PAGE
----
Monday, October 06, 2014

INVENTING ELEANOR By Michael R. Evans: My thoughts.

Inventing Eleanor: the mediaeval and post-mediaeval image Eleanor of Aquitaine by Michael R. Evans.  Bloomsbury Academic ISBN 978 1 4411 6900 6

While browsing the Internet for research, I came across a reference to this book and feeling it would be a really useful addition to my shelves, I went ahead and bought it.
 During my research into Eleanor of Aquitaine, I constantly come across misconceptions and false information in secondary sources including biographies. I also come across comments about Eleanor being a great feminist icon and a woman way ahead of her time, and then I want to bang my head on the desk (metaphorically speaking).  So it was great to come across a work that aims to set the record straight and that tells us just where these odd notions about Eleanor originate.

From the back of the book:
‘Eleanor of Aquitaine (1124- 1204) Queen of France and England and mother of two Kings has often been described as one of the most remarkable women of the Middle Ages. Yet her real achievements have been embellished - and even obscured - by myths that have grown up over eight centuries. This process began in her own lifetime, as chroniclers reported rumours of  scandalous conduct on crusade, and has continued ever since. She has been variously viewed as an adulterous queen, a monstrous mother and jealous murderess, but also was a patron of literature, champion of courtly love and proto-feminist defender of women’s rights. Inventing Eleanor interrogates the myths that have grown up around the figure of Eleanor of Aquitaine and investigates how and why historians and artists have invented an Eleanor who is very different from the 12th century queen. The book first considers the mediaeval primary sources  and then proceeds to trace the post-mediaeval development of the image of Eleanor, from demonic Queen to feminist icon, in historiography and the broader culture.’

This is exactly what the book does in a very readable form that still remains scholarly and detailed in its sources.   The contents include an introduction where the author sets out his reasons for writing the book and argues that she was ‘far from unique amongst 12th century royal and noble women.’ Professor Evans seeks to unravel how she acquired her reputation for exceptionalism. He remarks on the opening page  that Eleanor’s biographers must take some of the blame for this. ‘In the absence of hard evidence (these) biographies have often been fleshed out by speculation and the creation or perpetuation of myths.’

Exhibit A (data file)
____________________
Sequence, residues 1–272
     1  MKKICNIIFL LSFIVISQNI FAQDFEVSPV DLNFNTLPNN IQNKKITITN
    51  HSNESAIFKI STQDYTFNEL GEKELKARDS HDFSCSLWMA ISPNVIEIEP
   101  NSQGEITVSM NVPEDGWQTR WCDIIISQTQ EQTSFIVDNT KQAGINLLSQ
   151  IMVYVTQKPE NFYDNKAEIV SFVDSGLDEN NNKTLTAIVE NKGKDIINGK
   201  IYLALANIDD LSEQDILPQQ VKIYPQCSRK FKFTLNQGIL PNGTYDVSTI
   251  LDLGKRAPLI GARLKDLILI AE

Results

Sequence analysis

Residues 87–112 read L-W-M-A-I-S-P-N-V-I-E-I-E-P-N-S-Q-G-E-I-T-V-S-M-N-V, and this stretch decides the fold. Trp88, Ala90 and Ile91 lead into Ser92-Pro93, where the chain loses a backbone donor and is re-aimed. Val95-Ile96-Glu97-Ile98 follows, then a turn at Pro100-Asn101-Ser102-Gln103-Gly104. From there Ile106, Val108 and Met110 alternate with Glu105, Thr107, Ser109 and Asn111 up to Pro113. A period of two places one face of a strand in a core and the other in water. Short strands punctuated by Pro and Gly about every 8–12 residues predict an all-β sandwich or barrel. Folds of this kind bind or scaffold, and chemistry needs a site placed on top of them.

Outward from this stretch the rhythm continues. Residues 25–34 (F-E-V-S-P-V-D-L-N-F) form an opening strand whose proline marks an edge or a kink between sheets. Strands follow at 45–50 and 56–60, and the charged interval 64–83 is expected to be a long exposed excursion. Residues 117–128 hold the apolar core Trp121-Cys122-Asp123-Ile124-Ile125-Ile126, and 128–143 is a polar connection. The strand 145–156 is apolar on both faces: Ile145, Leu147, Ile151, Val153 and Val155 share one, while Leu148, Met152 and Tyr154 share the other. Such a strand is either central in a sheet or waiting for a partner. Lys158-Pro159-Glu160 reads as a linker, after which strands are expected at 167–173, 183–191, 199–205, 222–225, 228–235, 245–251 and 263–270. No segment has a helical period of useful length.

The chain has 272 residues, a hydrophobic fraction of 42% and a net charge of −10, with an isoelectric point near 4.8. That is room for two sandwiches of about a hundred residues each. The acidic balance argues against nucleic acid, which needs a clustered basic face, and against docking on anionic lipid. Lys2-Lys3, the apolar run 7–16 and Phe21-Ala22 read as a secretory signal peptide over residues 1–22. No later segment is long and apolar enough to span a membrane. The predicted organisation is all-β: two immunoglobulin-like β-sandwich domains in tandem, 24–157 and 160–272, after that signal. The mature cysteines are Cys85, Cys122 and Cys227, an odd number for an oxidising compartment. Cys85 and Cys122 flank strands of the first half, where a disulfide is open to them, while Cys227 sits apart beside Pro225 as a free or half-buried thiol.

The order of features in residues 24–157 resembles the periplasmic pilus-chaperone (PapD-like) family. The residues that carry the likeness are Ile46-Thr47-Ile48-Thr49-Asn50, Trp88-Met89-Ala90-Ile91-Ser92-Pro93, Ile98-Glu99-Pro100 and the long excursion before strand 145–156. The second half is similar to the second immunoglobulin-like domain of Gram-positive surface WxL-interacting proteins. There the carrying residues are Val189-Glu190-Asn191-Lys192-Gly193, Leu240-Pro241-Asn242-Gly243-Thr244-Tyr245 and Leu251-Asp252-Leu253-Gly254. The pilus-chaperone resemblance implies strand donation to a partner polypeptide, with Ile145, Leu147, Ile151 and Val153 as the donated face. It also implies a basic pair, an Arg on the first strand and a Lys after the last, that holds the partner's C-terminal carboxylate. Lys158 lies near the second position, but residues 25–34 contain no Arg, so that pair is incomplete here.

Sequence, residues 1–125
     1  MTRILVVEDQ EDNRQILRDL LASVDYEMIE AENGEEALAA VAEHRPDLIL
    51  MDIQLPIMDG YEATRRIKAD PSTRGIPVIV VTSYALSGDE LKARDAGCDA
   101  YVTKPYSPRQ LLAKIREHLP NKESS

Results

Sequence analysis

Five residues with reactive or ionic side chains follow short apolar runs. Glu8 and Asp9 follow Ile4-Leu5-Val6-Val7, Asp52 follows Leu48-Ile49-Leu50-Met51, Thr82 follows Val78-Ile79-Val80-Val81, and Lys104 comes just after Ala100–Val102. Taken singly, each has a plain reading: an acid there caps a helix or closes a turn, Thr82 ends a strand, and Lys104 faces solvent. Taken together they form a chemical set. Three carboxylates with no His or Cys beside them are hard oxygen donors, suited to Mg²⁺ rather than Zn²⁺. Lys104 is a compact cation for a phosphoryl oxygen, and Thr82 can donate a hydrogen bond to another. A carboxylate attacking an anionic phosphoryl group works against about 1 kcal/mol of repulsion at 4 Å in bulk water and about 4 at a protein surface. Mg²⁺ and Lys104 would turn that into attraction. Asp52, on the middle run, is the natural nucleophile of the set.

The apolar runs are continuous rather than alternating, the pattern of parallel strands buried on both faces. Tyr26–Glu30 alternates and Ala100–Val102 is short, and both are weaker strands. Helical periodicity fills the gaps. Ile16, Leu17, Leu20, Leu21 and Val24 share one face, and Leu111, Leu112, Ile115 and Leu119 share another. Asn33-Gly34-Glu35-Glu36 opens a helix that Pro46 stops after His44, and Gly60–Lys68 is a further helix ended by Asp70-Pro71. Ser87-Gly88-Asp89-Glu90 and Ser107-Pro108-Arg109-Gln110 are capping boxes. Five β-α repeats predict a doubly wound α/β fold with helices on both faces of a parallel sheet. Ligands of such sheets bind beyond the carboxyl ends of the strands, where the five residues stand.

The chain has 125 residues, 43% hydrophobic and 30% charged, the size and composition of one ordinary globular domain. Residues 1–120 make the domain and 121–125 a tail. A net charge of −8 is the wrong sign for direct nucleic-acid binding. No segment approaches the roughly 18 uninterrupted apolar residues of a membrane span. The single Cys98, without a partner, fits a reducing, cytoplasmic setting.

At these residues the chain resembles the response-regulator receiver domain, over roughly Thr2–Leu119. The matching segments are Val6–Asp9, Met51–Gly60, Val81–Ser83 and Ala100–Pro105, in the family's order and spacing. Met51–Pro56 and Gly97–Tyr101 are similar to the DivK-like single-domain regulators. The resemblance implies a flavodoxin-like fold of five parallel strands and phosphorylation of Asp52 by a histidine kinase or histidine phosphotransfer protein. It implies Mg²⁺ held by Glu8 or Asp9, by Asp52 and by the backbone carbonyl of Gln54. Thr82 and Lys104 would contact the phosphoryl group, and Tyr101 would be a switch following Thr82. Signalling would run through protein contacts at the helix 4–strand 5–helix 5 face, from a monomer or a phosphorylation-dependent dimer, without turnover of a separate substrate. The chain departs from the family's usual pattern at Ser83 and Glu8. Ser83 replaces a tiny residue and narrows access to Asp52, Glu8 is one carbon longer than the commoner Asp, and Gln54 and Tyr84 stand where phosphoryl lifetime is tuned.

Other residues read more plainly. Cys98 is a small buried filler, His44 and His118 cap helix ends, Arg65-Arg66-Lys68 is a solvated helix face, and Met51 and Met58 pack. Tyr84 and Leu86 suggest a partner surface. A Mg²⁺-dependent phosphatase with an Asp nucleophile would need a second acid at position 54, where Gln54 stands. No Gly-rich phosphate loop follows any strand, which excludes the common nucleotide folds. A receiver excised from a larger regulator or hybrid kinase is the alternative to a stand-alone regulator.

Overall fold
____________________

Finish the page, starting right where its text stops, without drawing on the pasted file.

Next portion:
Following a detailed introduction, Professor Evans traces Eleanor’s reputation, through the blackening of her name during her own lifetime and the time soon after her death.  He explores too the legends surrounding Rosamond de Clifford and how both women’s reputations have suffered at the hands of myth and legend.
Chapter 2 looks at Eleanor in historiography and how realistically she is portrayed. He observes that ‘historians may have striven to create (in the words of Edmond-René Labande) ‘a realistic image of Eleanor of Aquitaine’, but that image has struggled to replace that of the more colourful meta-Eleanor in the public consciousness. Hence an online author in 2013 is still able to write of Eleanor in stereotypical terms that would have been familiar to a mid-19th-century readership of popular history.’  He goes on to explore the way in which Eleanor’s reputation has been distorted to suit the ideologies of particular historical periods and historians with axes to grind. So ‘In the late 20th century, second wave feminist movement gave birth to a new interest in Eleanor of Aquitaine as a female hero, but often at the expense of exaggerating her deeds and influence, and reinforcing the myth of her exceptionalism.’  He also explores Eleanor’s depiction as a new-age neopagan type!  He comes the conclusion that ‘historians of Eleanor have created an image of her, and mediaeval women as a whole, that is misleading.  My thoughts exactly.
The third chapter deals with Eleanor the woman of the South and very quickly puts paid to the notion of the original Eleanor as propitiating a great Southern cause.  He says that Eleanor is ‘arguably a northern as much as a  southern figure…It was Poitou, not the south-west that was the heartland of Eleanor’s realm and where the Dukes of Aquitaine held the greatest concentration of demesne lands.’  …. He also explores a suggestion from a recent set of essays about Eleanor that claims she  didn’t actually speak Occitan at all.  The courts of love and literary patronage are shown to be relatively insignificant in Eleanor’s life. He comes to the conclusion that Eleanor of Aquitaine ‘can in no way be considered a southern figure in an alien and hostile northern world. Her native duchy straddled the divide between the North and the South, and its main power centres were closer to Paris than to the Mediterranean.’  Bam, another dearly held myth bites the dust.